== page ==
The growing importance of IT in new ways of doing business, bringing with it ever greater empowerment, competencies, and skills of people associated with IT use, reveals that traditional views that individuals decide to accept new or emerging IT mostly based on their effort and performance perceptions or a similar individualistic utilitarian criteria may no longer satisfactorily explain the individual's acceptance behavior. Socio-organizational considerations encompassing normative and behavioral beliefs have so far only been recognized as potential additional predictors of acceptance, moderated, or mediated by certain effects and circumstances, whereas performance perceptions remain the strongest predictor of IS acceptance. The authors' mixed-methods study drives acceptance in the business intelligence and analytics (BI&A) context, comprising literature review, case studies and a survey, which reveals socio-organizational considerations have become more important than individualistic considerations arising from the visibility and recognition of the results of BI&A use in an organization.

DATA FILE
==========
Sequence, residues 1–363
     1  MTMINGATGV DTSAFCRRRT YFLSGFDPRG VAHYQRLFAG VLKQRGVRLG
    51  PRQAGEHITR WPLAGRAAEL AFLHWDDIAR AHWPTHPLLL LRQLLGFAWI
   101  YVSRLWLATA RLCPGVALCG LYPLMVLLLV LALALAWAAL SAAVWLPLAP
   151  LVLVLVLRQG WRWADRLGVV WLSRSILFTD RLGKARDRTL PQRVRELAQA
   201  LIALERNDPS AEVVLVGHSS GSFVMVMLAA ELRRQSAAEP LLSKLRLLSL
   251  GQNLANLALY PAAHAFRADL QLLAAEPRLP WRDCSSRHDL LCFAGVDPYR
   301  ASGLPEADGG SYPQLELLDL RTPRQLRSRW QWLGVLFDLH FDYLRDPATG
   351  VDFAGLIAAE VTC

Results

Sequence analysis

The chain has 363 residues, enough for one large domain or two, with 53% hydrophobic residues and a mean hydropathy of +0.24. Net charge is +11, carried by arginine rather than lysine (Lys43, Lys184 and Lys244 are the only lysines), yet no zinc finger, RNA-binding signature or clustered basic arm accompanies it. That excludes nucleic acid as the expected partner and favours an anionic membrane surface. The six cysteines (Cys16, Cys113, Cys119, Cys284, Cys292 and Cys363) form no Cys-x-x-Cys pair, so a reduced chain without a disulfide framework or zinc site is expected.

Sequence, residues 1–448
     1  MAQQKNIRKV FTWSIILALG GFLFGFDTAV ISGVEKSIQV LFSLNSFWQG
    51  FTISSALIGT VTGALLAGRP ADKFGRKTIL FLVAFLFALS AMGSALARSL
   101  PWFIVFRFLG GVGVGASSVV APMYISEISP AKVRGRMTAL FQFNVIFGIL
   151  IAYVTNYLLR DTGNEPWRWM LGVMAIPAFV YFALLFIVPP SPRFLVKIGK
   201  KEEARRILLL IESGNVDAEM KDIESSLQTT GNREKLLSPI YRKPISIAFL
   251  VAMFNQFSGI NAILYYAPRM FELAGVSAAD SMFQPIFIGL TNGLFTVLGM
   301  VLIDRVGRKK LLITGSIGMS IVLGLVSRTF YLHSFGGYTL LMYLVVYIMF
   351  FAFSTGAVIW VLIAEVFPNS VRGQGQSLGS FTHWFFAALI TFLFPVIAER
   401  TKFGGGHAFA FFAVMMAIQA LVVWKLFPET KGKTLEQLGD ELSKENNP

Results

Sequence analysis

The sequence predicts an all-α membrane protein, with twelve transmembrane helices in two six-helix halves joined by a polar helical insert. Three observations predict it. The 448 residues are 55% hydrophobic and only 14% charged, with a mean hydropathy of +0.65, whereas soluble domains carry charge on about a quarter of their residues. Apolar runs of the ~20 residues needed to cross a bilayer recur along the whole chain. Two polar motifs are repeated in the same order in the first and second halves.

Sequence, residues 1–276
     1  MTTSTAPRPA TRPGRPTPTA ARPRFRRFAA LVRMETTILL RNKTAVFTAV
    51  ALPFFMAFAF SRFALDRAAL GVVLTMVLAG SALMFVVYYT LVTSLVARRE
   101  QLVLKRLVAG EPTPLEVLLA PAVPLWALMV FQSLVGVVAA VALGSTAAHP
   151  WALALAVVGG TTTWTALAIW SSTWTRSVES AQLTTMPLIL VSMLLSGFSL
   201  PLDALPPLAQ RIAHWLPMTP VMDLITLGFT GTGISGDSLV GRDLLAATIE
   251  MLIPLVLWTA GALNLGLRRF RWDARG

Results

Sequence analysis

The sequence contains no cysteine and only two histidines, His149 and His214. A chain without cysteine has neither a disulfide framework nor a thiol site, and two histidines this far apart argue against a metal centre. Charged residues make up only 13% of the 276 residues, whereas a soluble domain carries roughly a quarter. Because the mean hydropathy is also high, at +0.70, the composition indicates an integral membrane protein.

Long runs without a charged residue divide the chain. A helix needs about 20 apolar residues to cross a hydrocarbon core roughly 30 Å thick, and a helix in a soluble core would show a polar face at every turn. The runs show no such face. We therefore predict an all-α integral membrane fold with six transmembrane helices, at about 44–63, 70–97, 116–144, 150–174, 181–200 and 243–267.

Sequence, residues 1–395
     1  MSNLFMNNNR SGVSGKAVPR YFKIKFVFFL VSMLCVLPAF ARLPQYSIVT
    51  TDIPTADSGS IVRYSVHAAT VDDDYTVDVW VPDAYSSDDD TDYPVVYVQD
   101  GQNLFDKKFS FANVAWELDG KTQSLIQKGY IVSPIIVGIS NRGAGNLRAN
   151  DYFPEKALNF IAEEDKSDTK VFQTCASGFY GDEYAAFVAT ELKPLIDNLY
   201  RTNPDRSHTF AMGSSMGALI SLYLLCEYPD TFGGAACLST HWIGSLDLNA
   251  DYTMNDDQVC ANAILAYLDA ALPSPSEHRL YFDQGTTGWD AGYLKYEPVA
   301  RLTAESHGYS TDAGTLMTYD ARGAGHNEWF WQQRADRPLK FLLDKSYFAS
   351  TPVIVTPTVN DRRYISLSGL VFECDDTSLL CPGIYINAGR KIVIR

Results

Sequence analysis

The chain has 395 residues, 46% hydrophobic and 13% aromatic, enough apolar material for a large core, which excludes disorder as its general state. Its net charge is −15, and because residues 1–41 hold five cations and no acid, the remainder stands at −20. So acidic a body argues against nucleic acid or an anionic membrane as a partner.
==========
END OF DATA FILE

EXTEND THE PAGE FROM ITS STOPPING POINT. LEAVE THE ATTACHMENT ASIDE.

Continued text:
- Business Intelligence and Analytics
- IT/IS Acceptance
- Result Demonstrability
- Social Influence
- Socio-Organizational Drivers